Tag Archives: mountain

Britannia Museum in Squamish

idearabbit-britiannamuseum9Yay! Trip to the mountains :)

We got our tickets for the noon tour. It was partly sunny, but the winds were bone-chilling. I knew from their website to dress warmly as the tour would be taking place inside the mine where it was going to be dark, cold and damp. I suggested to my friend to get his coat that he left in the car. I’m sure he was glad he did.

The actual tour seemed a bit short for $25 (compared to the Underground Tour in Seattle), though it was neat to see everything. The rest is self guided, and there is a gold panning area where kids and adults can try and pan out some gold. Sheepie got so into it that he spent so much time freezing his hands off to get some gems and gold looking stones while his friend and I went to the cafe to have some hot tea and coffee with chips. The cafe isn’t really a real cafe. Something you’d expect out in the middle of nowhere…with simple table and chairs set up, and a few snacks with coffee brewing in the coffee pot. Very simple and low key. But the tea is nice to warm up with! And for those that doesn’t want to freeze their hands off panning, you can buy the gems in the souvenir shop :P

idearabbit-britiannamuseum7Mockup Model


The real thing idearabbit-britiannamuseum5

Our tour guideidearabbit-britiannamuseum4

Little train we ride to get deep into the mineidearabbit-britiannamuseum6

So, with the actual guided tour part, you ride on a small train into the mines. The guide will show how they use to mine with facts that made the Britianna Mine so special and important back then. The train may be fun, but for the rest, it may not be suitable for infants. The machines are super loud as the guide turns them on to demonstrate how they used to dig back then. The little ones on our tour got scared or were restless as they got bored.

Overall, it’s a nice half day trip to Squamish from Vancouver. It’s a nice museum, but $25 for admission is pretty expensive. Students get discount, so don’t forget to bring your student ID if you are one!

Canadian Rockies

From Vancouver, you can drive out to Calgary in about 13 hours. Even with meal and washroom stops along the way, you can get there in a day. Of course, if you’re wanting to sightsee and you haven’t gone before, then taking several days may be a better course for you.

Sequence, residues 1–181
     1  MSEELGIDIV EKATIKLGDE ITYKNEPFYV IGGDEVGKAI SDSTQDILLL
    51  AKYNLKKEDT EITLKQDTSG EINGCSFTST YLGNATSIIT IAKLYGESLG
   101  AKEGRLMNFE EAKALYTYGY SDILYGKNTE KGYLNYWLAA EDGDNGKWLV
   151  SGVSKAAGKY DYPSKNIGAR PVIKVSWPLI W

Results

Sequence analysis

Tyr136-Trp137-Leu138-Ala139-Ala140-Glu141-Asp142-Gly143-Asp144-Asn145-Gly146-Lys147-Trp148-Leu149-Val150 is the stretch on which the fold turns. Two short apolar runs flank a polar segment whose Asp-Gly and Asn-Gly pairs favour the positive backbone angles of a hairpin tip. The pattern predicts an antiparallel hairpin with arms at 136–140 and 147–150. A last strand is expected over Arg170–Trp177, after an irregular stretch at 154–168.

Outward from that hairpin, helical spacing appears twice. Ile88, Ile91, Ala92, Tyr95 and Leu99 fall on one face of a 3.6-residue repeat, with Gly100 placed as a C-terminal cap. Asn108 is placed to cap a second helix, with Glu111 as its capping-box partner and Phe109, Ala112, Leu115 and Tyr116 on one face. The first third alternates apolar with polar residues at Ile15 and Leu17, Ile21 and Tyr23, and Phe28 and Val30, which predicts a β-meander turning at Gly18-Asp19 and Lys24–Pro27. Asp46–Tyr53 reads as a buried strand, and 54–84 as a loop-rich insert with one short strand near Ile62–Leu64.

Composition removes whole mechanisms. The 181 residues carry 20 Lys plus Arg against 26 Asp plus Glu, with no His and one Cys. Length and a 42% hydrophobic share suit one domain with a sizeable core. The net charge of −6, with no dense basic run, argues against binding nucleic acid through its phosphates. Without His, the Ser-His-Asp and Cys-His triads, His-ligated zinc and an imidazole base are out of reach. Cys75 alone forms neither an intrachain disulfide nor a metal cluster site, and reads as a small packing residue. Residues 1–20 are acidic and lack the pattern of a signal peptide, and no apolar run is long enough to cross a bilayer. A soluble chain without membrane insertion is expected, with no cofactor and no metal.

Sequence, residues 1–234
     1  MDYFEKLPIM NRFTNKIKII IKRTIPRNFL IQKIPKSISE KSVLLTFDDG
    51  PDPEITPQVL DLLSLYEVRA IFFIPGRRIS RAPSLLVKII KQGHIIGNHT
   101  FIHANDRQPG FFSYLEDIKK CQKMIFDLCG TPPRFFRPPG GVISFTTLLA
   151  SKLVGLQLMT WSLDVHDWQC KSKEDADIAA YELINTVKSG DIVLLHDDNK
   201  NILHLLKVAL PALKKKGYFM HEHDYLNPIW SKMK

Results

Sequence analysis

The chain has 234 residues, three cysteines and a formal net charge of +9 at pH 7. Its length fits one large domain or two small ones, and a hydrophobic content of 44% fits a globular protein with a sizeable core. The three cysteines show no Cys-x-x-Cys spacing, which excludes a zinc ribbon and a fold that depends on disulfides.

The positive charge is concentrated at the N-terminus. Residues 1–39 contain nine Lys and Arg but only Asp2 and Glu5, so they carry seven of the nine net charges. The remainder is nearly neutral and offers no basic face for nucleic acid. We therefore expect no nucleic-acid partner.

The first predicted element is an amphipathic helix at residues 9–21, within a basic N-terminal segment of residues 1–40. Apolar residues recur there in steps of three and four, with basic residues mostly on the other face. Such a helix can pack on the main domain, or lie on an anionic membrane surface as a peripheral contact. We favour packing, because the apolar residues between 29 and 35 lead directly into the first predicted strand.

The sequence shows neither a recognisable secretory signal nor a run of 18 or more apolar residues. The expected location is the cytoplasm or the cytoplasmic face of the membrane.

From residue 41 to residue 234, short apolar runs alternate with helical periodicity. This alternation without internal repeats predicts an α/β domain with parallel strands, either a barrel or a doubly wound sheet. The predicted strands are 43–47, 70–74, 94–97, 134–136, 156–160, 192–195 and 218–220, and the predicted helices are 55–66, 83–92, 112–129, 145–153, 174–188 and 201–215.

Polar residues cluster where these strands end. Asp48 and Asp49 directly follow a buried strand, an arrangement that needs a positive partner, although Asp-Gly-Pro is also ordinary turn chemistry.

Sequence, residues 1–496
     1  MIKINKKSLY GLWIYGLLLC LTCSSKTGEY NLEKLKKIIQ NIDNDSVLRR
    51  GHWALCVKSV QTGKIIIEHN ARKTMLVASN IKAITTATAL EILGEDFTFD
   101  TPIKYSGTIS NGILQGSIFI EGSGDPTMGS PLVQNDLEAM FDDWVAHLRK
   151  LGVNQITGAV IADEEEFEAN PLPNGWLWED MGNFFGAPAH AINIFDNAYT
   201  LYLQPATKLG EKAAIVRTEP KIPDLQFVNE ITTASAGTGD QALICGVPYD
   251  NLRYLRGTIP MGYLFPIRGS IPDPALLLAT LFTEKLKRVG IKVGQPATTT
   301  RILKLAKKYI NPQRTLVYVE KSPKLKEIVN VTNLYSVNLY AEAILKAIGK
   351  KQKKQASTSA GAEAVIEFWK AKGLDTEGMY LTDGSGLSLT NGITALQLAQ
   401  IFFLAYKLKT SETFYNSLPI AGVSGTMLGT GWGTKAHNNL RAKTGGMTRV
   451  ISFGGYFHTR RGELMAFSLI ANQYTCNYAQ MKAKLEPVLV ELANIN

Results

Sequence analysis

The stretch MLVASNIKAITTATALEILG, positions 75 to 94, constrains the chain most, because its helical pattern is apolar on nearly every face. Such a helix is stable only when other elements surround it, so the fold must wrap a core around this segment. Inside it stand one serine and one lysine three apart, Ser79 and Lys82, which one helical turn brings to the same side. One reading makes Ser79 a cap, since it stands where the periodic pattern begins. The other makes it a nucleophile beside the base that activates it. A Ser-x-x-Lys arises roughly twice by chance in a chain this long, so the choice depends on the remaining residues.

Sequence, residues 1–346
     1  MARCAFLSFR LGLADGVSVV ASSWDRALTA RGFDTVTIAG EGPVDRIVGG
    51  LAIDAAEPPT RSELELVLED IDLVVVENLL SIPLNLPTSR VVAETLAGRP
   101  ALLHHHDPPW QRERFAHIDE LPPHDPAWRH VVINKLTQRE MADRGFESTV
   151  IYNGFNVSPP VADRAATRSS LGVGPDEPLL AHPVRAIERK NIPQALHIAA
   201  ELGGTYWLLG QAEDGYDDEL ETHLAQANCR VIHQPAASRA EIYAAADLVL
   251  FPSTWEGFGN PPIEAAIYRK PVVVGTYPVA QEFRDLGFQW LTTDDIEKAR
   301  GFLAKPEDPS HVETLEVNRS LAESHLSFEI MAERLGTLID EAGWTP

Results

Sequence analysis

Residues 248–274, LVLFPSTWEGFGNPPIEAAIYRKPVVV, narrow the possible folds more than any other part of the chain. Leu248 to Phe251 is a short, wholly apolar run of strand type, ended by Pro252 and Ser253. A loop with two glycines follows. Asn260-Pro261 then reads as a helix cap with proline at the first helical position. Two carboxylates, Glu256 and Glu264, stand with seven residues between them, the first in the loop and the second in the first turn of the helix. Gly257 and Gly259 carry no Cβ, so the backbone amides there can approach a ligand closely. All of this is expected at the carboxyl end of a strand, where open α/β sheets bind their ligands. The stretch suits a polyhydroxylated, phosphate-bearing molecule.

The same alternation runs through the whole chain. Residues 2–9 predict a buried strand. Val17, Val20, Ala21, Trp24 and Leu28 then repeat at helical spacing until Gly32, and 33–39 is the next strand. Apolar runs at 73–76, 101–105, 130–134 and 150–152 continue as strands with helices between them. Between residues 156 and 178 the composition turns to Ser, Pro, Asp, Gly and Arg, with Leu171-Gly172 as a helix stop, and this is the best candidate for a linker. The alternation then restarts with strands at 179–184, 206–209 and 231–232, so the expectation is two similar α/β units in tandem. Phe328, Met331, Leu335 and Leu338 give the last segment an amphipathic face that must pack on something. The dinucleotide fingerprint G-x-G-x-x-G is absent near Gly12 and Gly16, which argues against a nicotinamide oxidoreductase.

You can also take the Greyhound Bus which does stop at various pickup/drop off points which does delay the time, resulting in 16 hours. But the stops are short, so this is NOT for a sightseeing option other than seeing the scenery through the window.

Best time of year to go is between June and August. I remember still in May, the lakes can be still frozen (like at Morraine Lake) and weather can be pretty unpredictable outside of those summer months. Depending on the season, you’re bound to see some wildlife such as Elk, Big Horn Sheep, Mountain goats, eagles, porcupine, coyotes and if you’re lucky, some bears. I have yet to see a cougar, fox or a wolf. (see my post on a guidebook on the animals and birds of the Canadian Rockies that I illustrated and my dad published)


Wild Bighorn Sheep! :D idearabbit-banff2 idearabbit-banff3 idearabbit-banff4

Greyhound Busidearabbit-banff5

Vermillion Lakes with Mount Rundle in the backgroundidearabbit-banff6 idearabbit-banff7

Streets of Banff in summeridearabbit-banff8 idearabbit-banff9 idearabbit-banff10 idearabbit-banff11One of my favourite mountain – Castle Mountain

For me, I grew up in Calgary (1 hour and 30 minutes from Banff) and my dad ran a tourism company, so I went to the Banff National Park often. I also lived in Banff over a summer when I was a student, so the Rockies are like my backyard. I’m not the nature-camper-hiker-snowboarder type, but I do enjoy the serenity and peacefulness. It’s especially nice after living in congested, loud downtown of Vancouver to go somewhere that is the complete opposite.

Grouse Mountain

Sheepie has the yearly-pass membership, which allows up to 4 others to ride the gondola for half off. Even with 50% off, it was $20.98 – pricey like many tourist attractions in Vancouver.

It was a cloudy day, and slightly chilly up top. I managed to see some of the lumberjack show, which was pretty impressive. It gathered a large crowd and the humour of the performers made it an entertaining afternoon show.

Separate from the lumberjack show, there is an area where you can try out some axe throwing at a target. Not for children.

I unfortunately didn’t get to see the Bird show which my friend had mentioned that it was really spectacular. With all the fog, it might not have been a really visible show anyhow…

I was really impressed being able to see the two grizzly bears up close. Like many animals kept in captivity, they were used to having a crowd stare at them, photograph them, or have annoying people telling them to ‘look this way’. Seeing the grizzly’s made it worth the trip of coming up Grouse.

Luckily, it didn’t rain, but if it did, you can check out the small film theatre or buy some snacks at the food court, many whom has just done the Grouse Grind.

If you haven’t gone to Grouse, it’s worth checking it out. It’d be best to find someone with a yearly pass so you can go up half price. Spending nearly $50 just to go up and down a few minutes on the gondola is a bit of a rip off.




You can see 2 Grizzly Bears up close!! :D





Lumberjack on top of the pole doing stunts! It was a very foggy day…


Lumberjack show. The seats were jam packed with spectators.



Chilling at lounge…


Hikers coming up the Grouse Grind